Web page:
The collapse of Silicon Valley Bank, the problems at Credit Suisse and the $30bn injection by several major banks into First Republic has brought the topic of the fragility of the banking system back into focus. While the causes of the problems are different – SVB is a result of an old-fashioned bank run after it failed to raise sufficient new funds, Credit Suisse has been hit after disclosures in its annual report about its accounting issues and risk factor and First Republic is the contagion effect – the effect has been to raise concerns about whether there will be a domino effect.
For what it is worth, I do not think we are seeing a repeat of the 2008 financial crisis and SVB and First Republic are not big enough to have such an effect (Credit Suisse but its issues are not similar to Lehman’s). However, there are going to be some serious questions asked, not least why the potential problems at SVB were not picked up sooner since it has been buying long dated, fixed interest rate Treasury bonds (the heart of the problem) since 2021 and anyone paying close attention to its financial disclosures should have seen trouble was coming given the rapid rise in interest rates. However, one of the side effects of the crisis may be a focus on the valuations of many of the firms involved – and the Tech sector in general.
SVB had $73bn in loans and an unstated proportion of these loans would have had as their collateral the equity of the loanees and / or potential IPO or sale proceeds. There are already been questions asked about the quality of the loans made and it is fair to say that any buyers of the loans is going to be casting a critical eye over just how much some of the collateral is actually worth. SVB also has over $62bn of off-balance sheet commitments, another potential area of contention.
However, there is a wider question here around valuations and how they are made. As you will know, I was an Equities Analyst for over 20 years in the financial markets and a key component of that role was in valuing companies and / or highlighting potential valuation issues. Perhaps the key message I give to people when looking at valuations is not to focus on the output of a valuation but on its inputs, and the assumptions made. That will tell you far more about a company and its potential worth than any end result produced.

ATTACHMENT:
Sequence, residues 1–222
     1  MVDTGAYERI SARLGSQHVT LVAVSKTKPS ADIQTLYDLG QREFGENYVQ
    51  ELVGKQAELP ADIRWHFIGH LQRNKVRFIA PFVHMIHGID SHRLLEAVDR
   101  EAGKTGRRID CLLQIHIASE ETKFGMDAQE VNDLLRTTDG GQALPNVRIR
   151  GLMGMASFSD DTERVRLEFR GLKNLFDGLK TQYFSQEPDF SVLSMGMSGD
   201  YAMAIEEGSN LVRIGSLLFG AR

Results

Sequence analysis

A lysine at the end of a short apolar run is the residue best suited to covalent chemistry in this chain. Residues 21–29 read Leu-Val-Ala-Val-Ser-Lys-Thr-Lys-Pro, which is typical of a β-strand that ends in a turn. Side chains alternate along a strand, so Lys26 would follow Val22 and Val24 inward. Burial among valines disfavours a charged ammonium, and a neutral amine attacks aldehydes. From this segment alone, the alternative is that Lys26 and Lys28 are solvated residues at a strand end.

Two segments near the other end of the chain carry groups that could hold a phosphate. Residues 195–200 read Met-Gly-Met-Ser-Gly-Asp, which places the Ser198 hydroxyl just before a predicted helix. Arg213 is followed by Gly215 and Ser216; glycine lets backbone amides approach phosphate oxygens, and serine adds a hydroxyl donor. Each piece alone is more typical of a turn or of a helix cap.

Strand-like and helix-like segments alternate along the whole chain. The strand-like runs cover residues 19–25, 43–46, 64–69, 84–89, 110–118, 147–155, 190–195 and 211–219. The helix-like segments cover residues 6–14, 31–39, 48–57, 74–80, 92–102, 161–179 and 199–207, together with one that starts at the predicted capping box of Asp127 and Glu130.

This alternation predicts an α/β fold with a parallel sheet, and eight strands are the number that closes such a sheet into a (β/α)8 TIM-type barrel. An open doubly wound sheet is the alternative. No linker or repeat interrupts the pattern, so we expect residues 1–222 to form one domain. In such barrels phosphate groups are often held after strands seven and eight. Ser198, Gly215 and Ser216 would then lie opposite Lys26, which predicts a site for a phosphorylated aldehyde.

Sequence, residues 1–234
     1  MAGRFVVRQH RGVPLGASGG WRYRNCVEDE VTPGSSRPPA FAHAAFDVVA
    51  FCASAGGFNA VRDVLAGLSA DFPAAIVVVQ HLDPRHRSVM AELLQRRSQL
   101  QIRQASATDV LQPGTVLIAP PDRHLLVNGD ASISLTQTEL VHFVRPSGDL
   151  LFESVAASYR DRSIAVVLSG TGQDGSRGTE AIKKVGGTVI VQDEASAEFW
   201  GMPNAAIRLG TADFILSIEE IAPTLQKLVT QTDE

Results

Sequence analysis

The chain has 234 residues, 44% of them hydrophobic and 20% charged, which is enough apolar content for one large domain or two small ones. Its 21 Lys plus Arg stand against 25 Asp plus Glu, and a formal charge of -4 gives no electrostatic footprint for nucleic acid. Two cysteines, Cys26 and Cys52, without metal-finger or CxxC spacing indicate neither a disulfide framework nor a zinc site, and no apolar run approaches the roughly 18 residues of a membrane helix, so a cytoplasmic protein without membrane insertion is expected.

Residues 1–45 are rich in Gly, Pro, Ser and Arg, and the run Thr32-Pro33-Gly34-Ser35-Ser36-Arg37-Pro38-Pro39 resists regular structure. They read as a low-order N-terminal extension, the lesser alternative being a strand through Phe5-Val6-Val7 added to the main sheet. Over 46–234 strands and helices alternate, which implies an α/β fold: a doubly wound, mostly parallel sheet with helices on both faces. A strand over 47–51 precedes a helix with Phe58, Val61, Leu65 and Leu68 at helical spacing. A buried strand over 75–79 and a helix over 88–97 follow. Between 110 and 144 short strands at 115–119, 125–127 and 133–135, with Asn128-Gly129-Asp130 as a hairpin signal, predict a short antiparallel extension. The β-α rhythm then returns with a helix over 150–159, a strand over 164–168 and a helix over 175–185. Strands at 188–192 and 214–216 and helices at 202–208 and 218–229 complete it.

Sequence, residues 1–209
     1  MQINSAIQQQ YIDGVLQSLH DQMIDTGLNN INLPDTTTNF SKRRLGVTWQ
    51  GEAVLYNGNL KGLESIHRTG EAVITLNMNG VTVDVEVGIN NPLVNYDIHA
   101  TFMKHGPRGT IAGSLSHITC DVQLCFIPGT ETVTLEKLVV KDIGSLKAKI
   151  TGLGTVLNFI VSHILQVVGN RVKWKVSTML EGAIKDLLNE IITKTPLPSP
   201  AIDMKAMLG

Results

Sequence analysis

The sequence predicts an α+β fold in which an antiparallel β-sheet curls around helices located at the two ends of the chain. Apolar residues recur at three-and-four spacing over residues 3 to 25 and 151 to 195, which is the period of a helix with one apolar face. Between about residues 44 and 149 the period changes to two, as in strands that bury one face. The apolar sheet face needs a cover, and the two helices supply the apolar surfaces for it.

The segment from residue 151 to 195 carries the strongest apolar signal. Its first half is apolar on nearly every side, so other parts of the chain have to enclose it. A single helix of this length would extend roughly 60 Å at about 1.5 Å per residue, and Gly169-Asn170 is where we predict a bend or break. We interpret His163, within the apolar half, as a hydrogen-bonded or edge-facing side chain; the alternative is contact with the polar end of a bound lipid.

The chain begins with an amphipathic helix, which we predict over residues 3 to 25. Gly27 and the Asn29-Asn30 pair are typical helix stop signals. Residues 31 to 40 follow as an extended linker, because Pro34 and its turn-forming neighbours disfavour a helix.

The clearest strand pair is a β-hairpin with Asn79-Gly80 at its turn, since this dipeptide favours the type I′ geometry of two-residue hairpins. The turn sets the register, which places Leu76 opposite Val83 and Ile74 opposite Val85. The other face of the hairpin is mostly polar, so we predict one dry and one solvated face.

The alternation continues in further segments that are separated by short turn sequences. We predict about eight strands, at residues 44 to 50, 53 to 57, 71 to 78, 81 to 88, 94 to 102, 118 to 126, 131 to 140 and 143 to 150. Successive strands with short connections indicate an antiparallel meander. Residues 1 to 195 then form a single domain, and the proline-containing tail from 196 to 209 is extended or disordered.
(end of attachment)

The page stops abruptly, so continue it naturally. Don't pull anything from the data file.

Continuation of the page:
I think that is an issue that has been under-appreciated. Valuation is an art, not a science and my hunch would be that there are many firms – not just in the SVB case but also across the wider tech spectrum – where valuations have been ‘generous’ and/or where there may be questions asked about the methodologies and processes applied. While the rise of interest rates will have had some effect (most valuations are based on a Discounted Cash Flow model, which uses a Discount Rate where a critical component is the relevant Central Bank interest rate), it will still likely mean that too many valuations are not reflecting current reality.
If that is the case with SVB, then expect this to become a major issue over the coming weeks and months, and it is likely to bring about another round of soul-searching when it comes to the Tech sector. However, there is a wider point here for most companies in the space, and not just those impacted by the SVB collapse. Your assumptions are going to come under a lot more scrutiny and you are going to have justify them in a way that you did not have to not even two years ago. Those that lend are not just becoming stricter on valuations but also your views of the world. And that is not likely to be a temporary move.
As usual, this is not investment advice.